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Step 2: Flight School Certification: FAR Part 61 vs Part 141

Flight schools are either certified under Part 61, Part 141, or both of the Federal Aviation Regulations (FARs). Part 61 and Part 141 certified flight schools offer the same basic training and require the same FAA exams. The major difference is the flight training environment. Some students prefer a structured flight training environment under Part 141 and others prefer a flexible (less structured) flight training environment under Part 61. You can receive excellent flight training under both Part 61 and 141 certified flight schools in which they have the same objective – to help you earn your pilot certificate(s) and rating(s).

Let’s review Part 61 and Part 141 in more details:

Part 61
Flight schools certified under Part 61 offer a flexible (less structured) training program in which their training syllabus is not subject to FAA approval. Part 61 flight schools allow instructors to rearrange lesson plans to suit the individual needs of their students. However, they must adhere to the requirements under the FARs and train their students to the standards of Part 61.

Training under Part 61 does not require students to complete a formal ground school. Students have the options of attending a ground school course, home-study program, or hiring an instructor to review and teach any materials they are having problems understandings. However, all students must pass the FAA Knowledge and Practical Tests for the particular certificate or rating. The regulations governing a flight school under FAR Part 61 are less strict than schools operating under FAR Part 141, and therefore require more minimum flight hours to obtain your certificate or rating.


Part 141
Flight schools certified under Part 141 provide a structured training program with a standardized training syllabus approved by the FAA. This ensures that all necessary skills are taught in a specific order through lesson plans. Students are also required to complete a specific number of hours of formal ground instruction in a classroom or one on one with a certificated flight instructor, and pass the FAA Knowledge and Practical Tests.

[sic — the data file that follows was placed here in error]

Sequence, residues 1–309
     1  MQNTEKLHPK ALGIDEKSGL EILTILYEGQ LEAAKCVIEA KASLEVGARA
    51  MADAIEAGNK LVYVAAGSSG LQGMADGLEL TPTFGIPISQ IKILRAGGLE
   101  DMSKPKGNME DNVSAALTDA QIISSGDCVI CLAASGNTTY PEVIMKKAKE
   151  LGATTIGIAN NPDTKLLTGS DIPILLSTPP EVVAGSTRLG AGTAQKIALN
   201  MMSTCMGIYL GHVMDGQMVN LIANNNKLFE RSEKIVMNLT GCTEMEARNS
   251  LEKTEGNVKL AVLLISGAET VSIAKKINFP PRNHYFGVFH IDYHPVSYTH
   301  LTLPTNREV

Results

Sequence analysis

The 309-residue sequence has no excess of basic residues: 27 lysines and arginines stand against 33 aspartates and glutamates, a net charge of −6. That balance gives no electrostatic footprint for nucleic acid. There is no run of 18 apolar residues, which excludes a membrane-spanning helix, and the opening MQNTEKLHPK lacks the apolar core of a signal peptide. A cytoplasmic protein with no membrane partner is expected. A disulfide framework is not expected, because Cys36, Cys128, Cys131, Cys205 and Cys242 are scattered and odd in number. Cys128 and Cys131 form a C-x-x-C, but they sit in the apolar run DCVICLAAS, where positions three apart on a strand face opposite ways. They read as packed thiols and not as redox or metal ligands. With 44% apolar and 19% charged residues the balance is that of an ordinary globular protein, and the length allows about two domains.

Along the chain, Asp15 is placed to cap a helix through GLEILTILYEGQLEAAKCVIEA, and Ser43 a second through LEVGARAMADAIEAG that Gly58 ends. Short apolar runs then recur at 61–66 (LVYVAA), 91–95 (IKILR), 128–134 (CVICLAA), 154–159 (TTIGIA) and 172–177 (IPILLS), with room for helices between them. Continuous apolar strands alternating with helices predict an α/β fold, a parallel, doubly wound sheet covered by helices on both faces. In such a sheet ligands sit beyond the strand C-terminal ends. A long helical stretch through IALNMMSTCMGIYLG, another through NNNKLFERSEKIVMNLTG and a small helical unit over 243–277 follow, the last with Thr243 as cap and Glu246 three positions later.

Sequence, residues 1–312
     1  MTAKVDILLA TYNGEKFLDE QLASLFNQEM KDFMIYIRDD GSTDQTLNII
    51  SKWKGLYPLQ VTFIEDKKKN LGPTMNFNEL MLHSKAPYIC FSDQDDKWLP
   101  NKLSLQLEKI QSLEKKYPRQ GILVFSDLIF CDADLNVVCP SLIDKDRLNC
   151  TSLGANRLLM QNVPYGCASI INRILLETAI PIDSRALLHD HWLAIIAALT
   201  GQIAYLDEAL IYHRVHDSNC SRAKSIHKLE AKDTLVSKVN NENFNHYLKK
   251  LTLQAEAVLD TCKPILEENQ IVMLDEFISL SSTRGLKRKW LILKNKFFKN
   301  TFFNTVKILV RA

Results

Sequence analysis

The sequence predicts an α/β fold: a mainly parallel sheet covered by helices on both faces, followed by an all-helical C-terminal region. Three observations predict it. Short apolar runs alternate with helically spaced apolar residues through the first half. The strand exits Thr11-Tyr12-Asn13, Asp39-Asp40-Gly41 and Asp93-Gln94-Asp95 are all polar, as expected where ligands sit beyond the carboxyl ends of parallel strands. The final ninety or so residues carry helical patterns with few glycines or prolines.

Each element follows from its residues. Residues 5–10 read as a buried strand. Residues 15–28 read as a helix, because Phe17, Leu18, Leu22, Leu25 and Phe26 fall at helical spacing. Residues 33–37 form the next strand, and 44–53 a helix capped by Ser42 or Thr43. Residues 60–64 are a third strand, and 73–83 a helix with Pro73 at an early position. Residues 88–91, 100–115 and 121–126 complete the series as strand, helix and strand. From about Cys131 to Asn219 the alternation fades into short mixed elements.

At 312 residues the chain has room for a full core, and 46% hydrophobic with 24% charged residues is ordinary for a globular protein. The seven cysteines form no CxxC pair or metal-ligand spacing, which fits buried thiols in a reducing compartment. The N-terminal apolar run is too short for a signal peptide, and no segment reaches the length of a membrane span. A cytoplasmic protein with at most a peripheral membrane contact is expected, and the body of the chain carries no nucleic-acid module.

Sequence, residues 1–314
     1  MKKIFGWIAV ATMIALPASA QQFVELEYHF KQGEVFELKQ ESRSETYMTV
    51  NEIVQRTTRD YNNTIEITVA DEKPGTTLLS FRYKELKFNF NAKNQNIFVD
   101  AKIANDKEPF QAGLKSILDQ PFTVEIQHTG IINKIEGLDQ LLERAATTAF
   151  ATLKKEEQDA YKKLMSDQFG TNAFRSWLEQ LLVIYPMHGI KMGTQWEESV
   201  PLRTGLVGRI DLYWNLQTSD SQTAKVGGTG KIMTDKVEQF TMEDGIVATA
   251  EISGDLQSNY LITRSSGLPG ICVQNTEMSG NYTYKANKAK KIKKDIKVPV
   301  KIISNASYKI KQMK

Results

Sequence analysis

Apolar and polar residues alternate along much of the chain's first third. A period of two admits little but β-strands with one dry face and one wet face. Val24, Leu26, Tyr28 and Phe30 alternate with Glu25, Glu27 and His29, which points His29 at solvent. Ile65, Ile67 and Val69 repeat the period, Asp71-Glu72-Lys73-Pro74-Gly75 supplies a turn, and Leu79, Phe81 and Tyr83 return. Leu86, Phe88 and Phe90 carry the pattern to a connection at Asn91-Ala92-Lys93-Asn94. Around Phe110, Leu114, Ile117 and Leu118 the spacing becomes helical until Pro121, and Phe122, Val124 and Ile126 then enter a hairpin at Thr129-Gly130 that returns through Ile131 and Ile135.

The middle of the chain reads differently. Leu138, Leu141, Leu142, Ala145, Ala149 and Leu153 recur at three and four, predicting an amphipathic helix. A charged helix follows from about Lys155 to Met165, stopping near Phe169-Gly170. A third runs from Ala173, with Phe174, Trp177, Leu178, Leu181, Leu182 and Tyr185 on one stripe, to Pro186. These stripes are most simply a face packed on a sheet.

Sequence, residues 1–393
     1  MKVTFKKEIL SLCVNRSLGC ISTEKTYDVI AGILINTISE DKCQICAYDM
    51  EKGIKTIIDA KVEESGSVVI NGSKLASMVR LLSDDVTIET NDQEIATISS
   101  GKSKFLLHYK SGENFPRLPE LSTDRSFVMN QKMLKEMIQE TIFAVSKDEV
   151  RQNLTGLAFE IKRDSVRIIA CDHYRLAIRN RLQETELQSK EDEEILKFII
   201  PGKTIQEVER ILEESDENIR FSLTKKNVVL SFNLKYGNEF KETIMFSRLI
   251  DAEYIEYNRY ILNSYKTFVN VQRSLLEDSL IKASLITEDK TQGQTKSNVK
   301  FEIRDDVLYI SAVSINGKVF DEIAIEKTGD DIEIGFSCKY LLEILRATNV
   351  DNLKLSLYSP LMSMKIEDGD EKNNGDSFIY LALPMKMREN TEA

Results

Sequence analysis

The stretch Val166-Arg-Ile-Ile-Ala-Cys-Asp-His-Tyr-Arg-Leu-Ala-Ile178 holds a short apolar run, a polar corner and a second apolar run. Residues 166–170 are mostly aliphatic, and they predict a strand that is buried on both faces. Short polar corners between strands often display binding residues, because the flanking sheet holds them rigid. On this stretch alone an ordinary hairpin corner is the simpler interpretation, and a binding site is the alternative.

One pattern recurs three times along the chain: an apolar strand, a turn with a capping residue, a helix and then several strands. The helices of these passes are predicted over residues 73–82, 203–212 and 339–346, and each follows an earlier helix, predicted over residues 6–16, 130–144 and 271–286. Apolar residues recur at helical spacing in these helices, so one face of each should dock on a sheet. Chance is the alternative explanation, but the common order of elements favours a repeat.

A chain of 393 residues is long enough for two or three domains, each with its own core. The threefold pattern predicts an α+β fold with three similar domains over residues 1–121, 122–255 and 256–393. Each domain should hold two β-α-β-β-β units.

Flight schools must obtain approval from the FAA and adhere to several FAA regulations in order to maintain their Part 141 certification. Part 141 certification requires: an approved flight training syllabus for each course, instructor standardization, stage checks and exams given by the Chief Flight Instructor or his/her assistants, and regular FAA inspections of school facilities, aircrafts, simulators and training devices. Detailed records for each student’s progress are also kept, in which periodic inspections are conducted by the FAA.

Since flight schools certified under Part 141 must adhere to FAA regulations, their students are allowed to complete the pilot certificate or rating in fewer flight training hours as compared to Part 61 flight schools. However, most students will exceed the minimum flight hours to meet the proficiency standards to pass the practical test.

For example:
A Private Pilot Certificate may be achieved in 35 hours of flight time under Part 141 rather than 40 hours under Part 61. This difference may be insignificant for a Private Pilot Certificate because the national average indicates most pilots require 60 to 75 hours of flight training to earn this certificate.
A Commercial Pilot Certificate may be achieved in 190 hours of flight time under Part 141 rather than 250 hours under Part 61.

Please note: Do your homework by reaching various flight schools (link - Choosing a Flight School), meeting with potential instructor(s), and talking to current students at each school by asking them about their training experiences. Each flight school should follow a syllabus. During your visit to a flight school, ask for an outline of their training syllabus.

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Choosing a Flight School

Written by: Sedgwick Hines Copyright 2004-2011 AvScholars Publishing, LLC. All Rights Reserved.




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Learn to Fly: Become a Pilot is your one-stop source to information on flight training, flying lessons, flight schools, and helicopter schools. Learn about the entire flight training process to help you earn your pilot certificates or ratings such as student pilot certificate, commercial pilot certificate, instrument rating, and others.

Copyright © 2003 - 2011 AvScholars Publishing, LLC. All Rights Reserved.